28 March, 2005


A frequent (perhaps the most frequent, if such things can be metered) plot of dreams is that one's teeth, usually the canines, are falling out. This is rather an alarming thing to dream, since teeth are precious but rather unappreciated things, and losing those sorts of treasures is always doubly shocking (one for the loss, and one for the discovery that you give a shit). Like most dreams, this one has been turned every which way, interpreted, and "understood" a hundred times over. You can satisfy yourself as to the enormous variety of explication. The origin is not quite so esoteric as most of these explanations, but still quite satisfying: the dream is a result of the loosening of certain maxillary tendons around the canines, usually as a result of impending or current illness. Thus, the dream may serve as an augur, which I think rather neatly restores some of the magic taken away by its mundane physiological basis.

When I first began to drift up out of my sub-basement of sleep (I just got some new bedsheets, crimson, and had quite a comfortable night), I thought that this was my dream; I had, after all, just recovered from illness. But then I was fully awake, and my tongue was still tracing out the unfamiliar space where my incisor should have been, and I was clutching something small and hard in the fingers of my right hand.

This isn't as alarming as it sounds at first; I've had a fake crown on my right incisor since the fourth grade (when I cracked the lower half off by whacking it against the floor). I'm not really sure how my tooth ended up in my hand; maybe I plucked it out of my mouth in my sleep, and knew enough to hold on to it. Lucky that I did. After my initial exclamation ("Oh, shit!") and vague panic, I put it on the bedstand and went back to sleep. I had been meaning to see the dentist anyway.

In the morning I called Harvard University Health Services to find out what sort of dental coverage I actually had. Turns out my Blue Cross coverage only extends to certain kinds of dental care. Specifically, emergencies. Well, this was an emergency, I thought. But only emergencies relating to previously undamaged and unmodified teeth. So my crown falling off didn't count. Neither would someone's filling coming out, I assume. Ouch.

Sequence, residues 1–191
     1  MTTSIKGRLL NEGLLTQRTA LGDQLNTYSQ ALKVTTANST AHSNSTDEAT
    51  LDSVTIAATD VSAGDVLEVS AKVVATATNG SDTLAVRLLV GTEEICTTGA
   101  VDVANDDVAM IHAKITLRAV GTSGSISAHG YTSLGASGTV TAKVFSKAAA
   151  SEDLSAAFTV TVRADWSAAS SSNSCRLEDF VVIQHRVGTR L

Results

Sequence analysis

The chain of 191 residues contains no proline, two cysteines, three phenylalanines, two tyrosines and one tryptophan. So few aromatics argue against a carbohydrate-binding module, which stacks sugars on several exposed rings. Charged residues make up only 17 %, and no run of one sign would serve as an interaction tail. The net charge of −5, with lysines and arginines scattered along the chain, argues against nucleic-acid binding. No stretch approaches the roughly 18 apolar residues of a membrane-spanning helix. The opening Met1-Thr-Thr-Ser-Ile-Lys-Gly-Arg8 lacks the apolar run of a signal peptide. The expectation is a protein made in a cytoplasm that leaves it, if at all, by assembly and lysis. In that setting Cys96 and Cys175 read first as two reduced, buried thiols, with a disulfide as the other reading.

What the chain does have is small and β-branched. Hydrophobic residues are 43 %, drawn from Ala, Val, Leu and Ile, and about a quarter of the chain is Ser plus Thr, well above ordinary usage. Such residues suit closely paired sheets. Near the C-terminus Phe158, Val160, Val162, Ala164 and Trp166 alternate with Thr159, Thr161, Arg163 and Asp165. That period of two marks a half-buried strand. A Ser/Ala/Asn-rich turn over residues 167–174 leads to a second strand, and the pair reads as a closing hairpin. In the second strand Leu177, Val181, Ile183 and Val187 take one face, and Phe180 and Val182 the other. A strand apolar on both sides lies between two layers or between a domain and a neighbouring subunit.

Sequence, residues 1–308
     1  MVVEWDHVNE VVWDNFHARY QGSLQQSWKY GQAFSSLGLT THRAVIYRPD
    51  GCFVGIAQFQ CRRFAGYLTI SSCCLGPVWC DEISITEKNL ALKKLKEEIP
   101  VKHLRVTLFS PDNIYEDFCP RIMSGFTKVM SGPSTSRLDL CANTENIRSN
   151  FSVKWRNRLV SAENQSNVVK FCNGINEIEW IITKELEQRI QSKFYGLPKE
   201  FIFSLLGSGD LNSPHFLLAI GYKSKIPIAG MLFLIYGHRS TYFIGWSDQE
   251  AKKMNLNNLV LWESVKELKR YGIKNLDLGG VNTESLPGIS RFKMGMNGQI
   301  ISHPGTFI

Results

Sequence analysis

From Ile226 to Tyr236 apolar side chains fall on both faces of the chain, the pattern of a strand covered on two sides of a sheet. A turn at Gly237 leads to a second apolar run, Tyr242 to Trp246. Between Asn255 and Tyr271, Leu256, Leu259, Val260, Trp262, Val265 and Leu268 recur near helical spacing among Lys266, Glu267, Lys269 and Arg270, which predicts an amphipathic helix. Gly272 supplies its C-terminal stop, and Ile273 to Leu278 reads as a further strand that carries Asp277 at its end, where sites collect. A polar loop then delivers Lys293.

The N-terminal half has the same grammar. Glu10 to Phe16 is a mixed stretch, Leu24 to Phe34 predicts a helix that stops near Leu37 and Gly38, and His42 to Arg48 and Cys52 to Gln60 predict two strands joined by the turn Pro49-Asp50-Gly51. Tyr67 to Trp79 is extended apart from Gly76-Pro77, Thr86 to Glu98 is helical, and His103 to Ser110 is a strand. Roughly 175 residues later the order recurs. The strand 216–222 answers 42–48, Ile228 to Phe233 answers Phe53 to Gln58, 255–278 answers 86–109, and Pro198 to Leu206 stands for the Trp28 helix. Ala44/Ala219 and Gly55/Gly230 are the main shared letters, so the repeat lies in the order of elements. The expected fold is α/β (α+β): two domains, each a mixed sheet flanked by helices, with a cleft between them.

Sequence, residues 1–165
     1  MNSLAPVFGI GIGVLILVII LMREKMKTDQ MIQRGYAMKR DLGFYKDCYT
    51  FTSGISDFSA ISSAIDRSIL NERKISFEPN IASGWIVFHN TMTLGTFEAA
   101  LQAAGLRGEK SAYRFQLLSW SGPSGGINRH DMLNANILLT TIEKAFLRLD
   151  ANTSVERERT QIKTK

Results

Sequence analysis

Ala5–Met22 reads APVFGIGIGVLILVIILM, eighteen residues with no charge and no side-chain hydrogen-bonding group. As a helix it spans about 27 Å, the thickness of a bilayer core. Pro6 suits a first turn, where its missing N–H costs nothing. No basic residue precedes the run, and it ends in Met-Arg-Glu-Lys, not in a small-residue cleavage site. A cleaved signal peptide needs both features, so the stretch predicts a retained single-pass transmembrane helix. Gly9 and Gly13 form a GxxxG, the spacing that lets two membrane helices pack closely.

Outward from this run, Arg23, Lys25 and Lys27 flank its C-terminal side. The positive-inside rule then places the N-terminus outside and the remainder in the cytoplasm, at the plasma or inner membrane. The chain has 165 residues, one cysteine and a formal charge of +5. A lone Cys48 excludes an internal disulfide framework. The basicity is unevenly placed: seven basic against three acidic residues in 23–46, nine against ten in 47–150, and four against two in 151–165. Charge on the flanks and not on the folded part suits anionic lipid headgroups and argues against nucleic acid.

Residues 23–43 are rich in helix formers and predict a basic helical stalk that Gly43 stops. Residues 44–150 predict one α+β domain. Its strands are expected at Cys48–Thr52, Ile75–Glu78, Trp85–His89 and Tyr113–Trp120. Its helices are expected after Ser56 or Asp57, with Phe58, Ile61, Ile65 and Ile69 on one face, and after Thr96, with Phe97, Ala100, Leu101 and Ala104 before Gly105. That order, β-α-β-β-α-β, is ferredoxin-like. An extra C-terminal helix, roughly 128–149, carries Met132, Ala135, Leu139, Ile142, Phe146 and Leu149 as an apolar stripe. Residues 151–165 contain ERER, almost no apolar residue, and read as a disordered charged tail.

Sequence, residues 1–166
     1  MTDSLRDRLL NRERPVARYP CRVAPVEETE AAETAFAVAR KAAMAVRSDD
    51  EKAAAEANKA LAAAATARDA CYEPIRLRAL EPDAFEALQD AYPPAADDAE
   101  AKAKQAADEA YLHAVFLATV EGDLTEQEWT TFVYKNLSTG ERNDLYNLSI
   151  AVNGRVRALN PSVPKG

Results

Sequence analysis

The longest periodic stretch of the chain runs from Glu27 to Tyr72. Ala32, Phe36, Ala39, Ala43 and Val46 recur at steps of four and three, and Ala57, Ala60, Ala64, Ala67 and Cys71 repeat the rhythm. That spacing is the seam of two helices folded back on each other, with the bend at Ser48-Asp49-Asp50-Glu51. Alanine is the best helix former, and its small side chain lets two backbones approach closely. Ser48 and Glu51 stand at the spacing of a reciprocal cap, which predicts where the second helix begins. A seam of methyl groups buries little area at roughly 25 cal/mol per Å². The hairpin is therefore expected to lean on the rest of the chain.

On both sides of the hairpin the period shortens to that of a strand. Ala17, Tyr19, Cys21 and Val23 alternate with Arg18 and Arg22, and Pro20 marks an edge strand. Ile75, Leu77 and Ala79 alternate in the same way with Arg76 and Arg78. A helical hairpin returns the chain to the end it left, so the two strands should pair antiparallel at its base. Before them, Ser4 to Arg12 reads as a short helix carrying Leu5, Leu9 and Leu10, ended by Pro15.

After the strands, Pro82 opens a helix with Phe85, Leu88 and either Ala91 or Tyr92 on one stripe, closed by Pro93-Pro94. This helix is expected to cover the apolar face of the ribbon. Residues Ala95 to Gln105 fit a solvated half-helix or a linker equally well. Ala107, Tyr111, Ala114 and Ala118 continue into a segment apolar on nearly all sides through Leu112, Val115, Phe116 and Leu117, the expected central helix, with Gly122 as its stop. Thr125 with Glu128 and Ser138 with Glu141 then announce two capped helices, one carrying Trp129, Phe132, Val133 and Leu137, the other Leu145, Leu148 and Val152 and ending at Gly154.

What kind of evil, rat-fucking, fanged, pointy-bearded sadist writes such a dental plan? I'd like to give him (or her) a dental emergency relating to previously undamaged and unmodified teeth.

So I sucked it up and paid for it. It wasn't so bad, actually. Because I had miraculously held on to my crown in my sleep, my dentist (Dr. Peter Goldstone) was able to reattach it relatively cheap.*

This is a rather small and harmless anecdote, and I'm blessed that my emergency was a comparatively minor dental one, rather than a serious medical one. But still I'm annoyed by the fact that the ostensible "greatest country in the world" is one in which medical care is so constrained by the finance. I'm sure thousands of other people in this town could tell a similar story without the light and fanciful ending.

* My dentist, incidentally, is some kind of virtuoso. I sat down, he stuck a mirror in my mouth briefly, peered at the crown, asked some off-hand questions, tapped some things, then began to rough up my tooth to reattach it. "I'm just creating a bevel, here," he explained, making deft little motions against my tooth/stump with his thingummy. Then, whack, some cement, some UV radiation to set it, a little sanding, some fine-tuning, and I was done. Less than ten minutes, all told, that I spent in that chair. Competence is really quite gorgeous.

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